Kraton Ngayogyakarta Hadiningrat
|Kraton of Yogyakarta|
Kraton Ngayogyakarta Hadiningrat
Pagelaran hall of Kraton Yogyakarta
|Alternative names||Kraton Jogja|
|Architectural style||Javanese Architecture|
|Location||Jl. Rotowijayan 1 55133, Yogyakarta|
|Current tenants||Hamengkubuwono X|
House of Hamengkubuwono
|Owner||Sultan of Yogyakarta|
|Size||1.4 hectares (3.5 acres)|
The Kraton Ngayogyakarta Hadiningrat (Indonesian: Keraton Ngayogyakarta Hadiningrat, Javanese: ꦏꦿꦠꦺꦴꦤ꧀ꦔꦪꦺꦴꦒꦾꦏꦂꦠꦲꦢꦶꦤꦶꦔꦿꦠ꧀) is a palace complex in the city of Yogyakarta, Yogyakarta Special Region, Indonesia. It is the seat of the reigning Sultan of Yogyakarta and his family. The complex is a center of Javanese culture, and contains a museum displaying royal artifacts. It is guarded by the Yogyakarta Kraton Guards (Indonesian: Prajurit Keraton Ngayogyakarta Hadiningrat).
The complex was built in 1755–1756 (AJ 1682) for Hamengkubuwono I, the first Sultan of Yogyakarta. It was one of the monarch's first acts after the signing of the Treaty of Giyanti, which recognized the creation of the Sultanate of Yogyakarta under the Dutch East India Company. A banyan forest, protected from flooding by its location between two rivers, was chosen as the site for the palace.
On 20 June 1812, Stamford Raffles led a 1,200-strong British force to attack the walled royal city of Yogyakarta. Although they outnumbered the British, the Javanese were unprepared for the attack. Yogyakarta fell in one day, and the palace was sacked and burned. A total of £15,000 in gold, jewels and currency (currently valued at £500,000) was looted. It was the first attack on a Javanese court, and the sultanate was subjugated to colonial authority. Most of the current palace was built by Sultan Hamengkubuwono VIII (who reigned from 1921 to 1939), and was rebuilt after earthquakes in 1876 and 2006.
The palace's chief architect was Sultan Hamengkubuwono I, who founded the Yogyakarta Sultanate. His architectural expertise was appreciated by the Dutch scientist Theodoor Gautier Thomas Pigeaud and Lucien Adam, who considered him a worthy successor of Pakubuwono II (founder of the Surakarta Sunanate). The palace layout, which followed the basic design of the old city of Yogyakarta, was completed in 1755-1756; another building was added by a later Sultan of Yogyakarta.
The complex consists of a courtyard covered with sand from the south coast, a main building and a secondary building. The buildings are separated by a wall with a regol in semar tinandu style. The palace door is made of thick teak. Behind (or in front of) a gate in Javanese architecture is usually an insulating wall (Renteng or Baturono), sometimes with a distinctive, traditional ornament.
The wooden buildings of the complex have a traditional Javanese architectural style, decorated with flora, fauna, or nature motifs. Foreign influences (Portuguese, Dutch, and Chinese) are also seen. The buildings are of joglo construction.
The trapezoidal joglo roof is usually covered with red or gray shingles, tiles, or zinc. It is supported by a central pillar (soko guru) and secondary pillars. Pillars are usually dark green or black, with yellow, light-green, red or gold highlights. Other wooden building elements match the pillars in color.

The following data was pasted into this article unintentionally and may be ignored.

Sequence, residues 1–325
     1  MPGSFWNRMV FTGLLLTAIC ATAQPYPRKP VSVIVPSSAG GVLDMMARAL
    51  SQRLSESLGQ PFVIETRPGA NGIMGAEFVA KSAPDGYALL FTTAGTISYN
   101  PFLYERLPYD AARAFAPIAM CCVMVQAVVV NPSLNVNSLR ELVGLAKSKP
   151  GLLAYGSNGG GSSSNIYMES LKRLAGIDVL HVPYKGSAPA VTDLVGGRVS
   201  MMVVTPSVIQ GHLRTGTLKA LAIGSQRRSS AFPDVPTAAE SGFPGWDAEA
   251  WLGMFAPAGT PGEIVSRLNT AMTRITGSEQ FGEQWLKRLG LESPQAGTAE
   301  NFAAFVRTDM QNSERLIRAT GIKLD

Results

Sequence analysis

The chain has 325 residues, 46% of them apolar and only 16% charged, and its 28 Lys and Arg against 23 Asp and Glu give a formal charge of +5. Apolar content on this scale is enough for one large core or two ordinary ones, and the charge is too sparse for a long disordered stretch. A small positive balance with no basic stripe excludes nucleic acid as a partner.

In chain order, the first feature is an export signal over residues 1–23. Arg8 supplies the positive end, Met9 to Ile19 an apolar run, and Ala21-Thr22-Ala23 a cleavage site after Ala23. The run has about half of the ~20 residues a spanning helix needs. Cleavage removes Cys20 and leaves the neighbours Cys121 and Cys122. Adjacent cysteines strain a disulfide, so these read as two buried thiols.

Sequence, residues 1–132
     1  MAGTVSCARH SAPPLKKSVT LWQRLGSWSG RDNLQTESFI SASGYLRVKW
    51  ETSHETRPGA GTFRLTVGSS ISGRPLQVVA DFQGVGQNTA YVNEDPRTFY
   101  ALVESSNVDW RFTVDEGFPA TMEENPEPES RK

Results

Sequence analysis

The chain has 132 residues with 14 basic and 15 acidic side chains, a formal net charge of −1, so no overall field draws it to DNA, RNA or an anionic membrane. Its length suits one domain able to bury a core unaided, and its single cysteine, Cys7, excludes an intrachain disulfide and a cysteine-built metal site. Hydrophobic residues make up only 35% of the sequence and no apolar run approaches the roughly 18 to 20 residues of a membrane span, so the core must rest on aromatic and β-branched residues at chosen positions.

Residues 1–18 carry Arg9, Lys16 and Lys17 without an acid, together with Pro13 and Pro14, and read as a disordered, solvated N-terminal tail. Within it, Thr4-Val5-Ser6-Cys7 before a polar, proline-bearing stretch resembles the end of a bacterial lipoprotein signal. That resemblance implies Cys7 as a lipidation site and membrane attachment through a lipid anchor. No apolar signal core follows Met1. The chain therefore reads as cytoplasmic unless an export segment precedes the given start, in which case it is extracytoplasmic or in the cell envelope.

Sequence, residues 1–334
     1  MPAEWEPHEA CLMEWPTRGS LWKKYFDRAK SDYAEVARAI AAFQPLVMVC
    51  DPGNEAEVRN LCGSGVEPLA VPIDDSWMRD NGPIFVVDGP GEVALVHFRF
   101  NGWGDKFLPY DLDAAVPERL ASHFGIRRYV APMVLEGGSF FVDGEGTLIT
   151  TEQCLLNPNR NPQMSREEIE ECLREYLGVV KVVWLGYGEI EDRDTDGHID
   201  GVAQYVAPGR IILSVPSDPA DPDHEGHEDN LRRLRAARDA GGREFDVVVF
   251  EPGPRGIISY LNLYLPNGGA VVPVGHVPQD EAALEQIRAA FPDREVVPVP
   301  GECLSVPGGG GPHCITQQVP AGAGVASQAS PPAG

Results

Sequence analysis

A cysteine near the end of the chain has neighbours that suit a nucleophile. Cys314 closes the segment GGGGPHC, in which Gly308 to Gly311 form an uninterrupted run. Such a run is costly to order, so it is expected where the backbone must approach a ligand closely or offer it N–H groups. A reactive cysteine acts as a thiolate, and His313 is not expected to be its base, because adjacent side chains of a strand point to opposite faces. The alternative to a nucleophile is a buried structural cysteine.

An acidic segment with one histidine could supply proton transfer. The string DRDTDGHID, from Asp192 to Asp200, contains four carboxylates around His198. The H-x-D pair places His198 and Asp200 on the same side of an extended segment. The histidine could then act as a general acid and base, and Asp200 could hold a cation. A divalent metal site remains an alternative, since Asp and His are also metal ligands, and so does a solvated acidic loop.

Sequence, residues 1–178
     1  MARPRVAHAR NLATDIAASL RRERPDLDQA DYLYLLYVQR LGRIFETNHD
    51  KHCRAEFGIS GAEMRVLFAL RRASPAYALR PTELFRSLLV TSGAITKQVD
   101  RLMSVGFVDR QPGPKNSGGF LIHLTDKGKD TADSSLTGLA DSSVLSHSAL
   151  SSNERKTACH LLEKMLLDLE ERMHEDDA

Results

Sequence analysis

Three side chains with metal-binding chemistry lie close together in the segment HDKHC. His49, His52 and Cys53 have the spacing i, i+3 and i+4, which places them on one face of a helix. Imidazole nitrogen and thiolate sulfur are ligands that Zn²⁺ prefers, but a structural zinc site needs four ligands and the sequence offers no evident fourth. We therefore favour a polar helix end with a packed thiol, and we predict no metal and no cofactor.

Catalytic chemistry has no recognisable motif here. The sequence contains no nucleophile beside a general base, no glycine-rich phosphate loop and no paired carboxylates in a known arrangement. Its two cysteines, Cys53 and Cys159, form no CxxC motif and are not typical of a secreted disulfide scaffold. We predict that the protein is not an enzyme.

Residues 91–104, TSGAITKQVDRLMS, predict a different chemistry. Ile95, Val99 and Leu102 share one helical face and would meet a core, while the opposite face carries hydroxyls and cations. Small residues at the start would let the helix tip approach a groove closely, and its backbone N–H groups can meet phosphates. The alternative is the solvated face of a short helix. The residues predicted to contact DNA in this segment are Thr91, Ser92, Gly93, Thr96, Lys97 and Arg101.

For the stone pedestal (Ompak), the black color is combined with gold ornamentation. White dominates the walls of the building and the complex. The floor, usually made of white marble or patterned tiles, is higher than the sandy courtyard. Some buildings have a higher main floor. Other buildings have a square stone (Selo Gilang) for the sultan's throne.
Each building is classified by use. The main-class building (used by the sultan) has more ornamentation than the lower-class buildings, which have simple ornamentation or none at all.
A kraton is a palace. Keraton is the living quarters of the royal family. Tamarind and Spanish cherry trees line the road from Krapyak Hunting House to the palace, which runs from Tugu Yogyakarta to the palace.
Tugu Yogyakarta (the Gilig golong monument), on the north side of the old city, symbolizes "unification between the king (golong) and the people (gilig)" (Javanese: manunggaling kawulo gusti).[This quote needs a citation] It also symbolizes the final unity of the creator (Khalik) and his subjects. The Gate Donopratoro (gate to the Kedaton quarter) represents "a good person is someone who is generous and knows how to control his lust", and the two Dwarapala statues (Balabuta and Cinkarabala) represent good and evil. The palace's artifacts are believed to have the power to repulse evil.
- List of monarchs of Java
- Fort Vredeburg
- Gedung Agung
- Taman Sari (Yogyakarta)
- List of palaces in Indonesia
- OBYEK PENELITIAN, http://elib.unikom.ac.id/
- When Raffles ran Java, Tim Hanningan, historytoday.com
- Kraton, yogyes.com
- Tulisan awal
- Kota ini memiliki batas utara Tugu Yogyakarta, timur Sungai Code, selatan Panggung Krapyak, dan barat Sungai Winongo.
- In Javanese, a regol is a large door or gate.
- Semar tinandu is a gate with a trapezoidal roof, like a joglo.
- Bangsal Witono and Bangsal Kencono
- Chamamah Soeratno et. al. and the book Murdani Hadiatmadja
- "Ragam | Karaton Ngayogyakarta Hadiningrat - Kraton Jogja". www.kratonjogja.id. Retrieved 2018-12-26.
- "'The Amazing Race' ousts two teams in special double elimination". Reality TV World. Retrieved 2018-12-26.
- Brongtodiningrat, K. P. H. (1975), The Royal Palace (Karaton) of Yogyakarta: Its Architecture and Its Meaning, Yogyakarta: Karaton Museum Yogyakarta, OCLC 12847099.
- Dwiyanto, Djoko (2009), Kraton Yogyakarta: Sejarah, Nasionalisme & Teladan Perjuangan (in Indonesian), Yogyakarta: Paradigma Indonesia, ISBN 978-979-17834-0-8.
Media related to Kraton of Yogyakarta at Wikimedia Commons
- Kraton Yogyakarta Hadinigrat at Yogyakarta government official website (in Indonesian)
- KratonJogja.com, created by Gadjah Mada University
- Kraton Yogya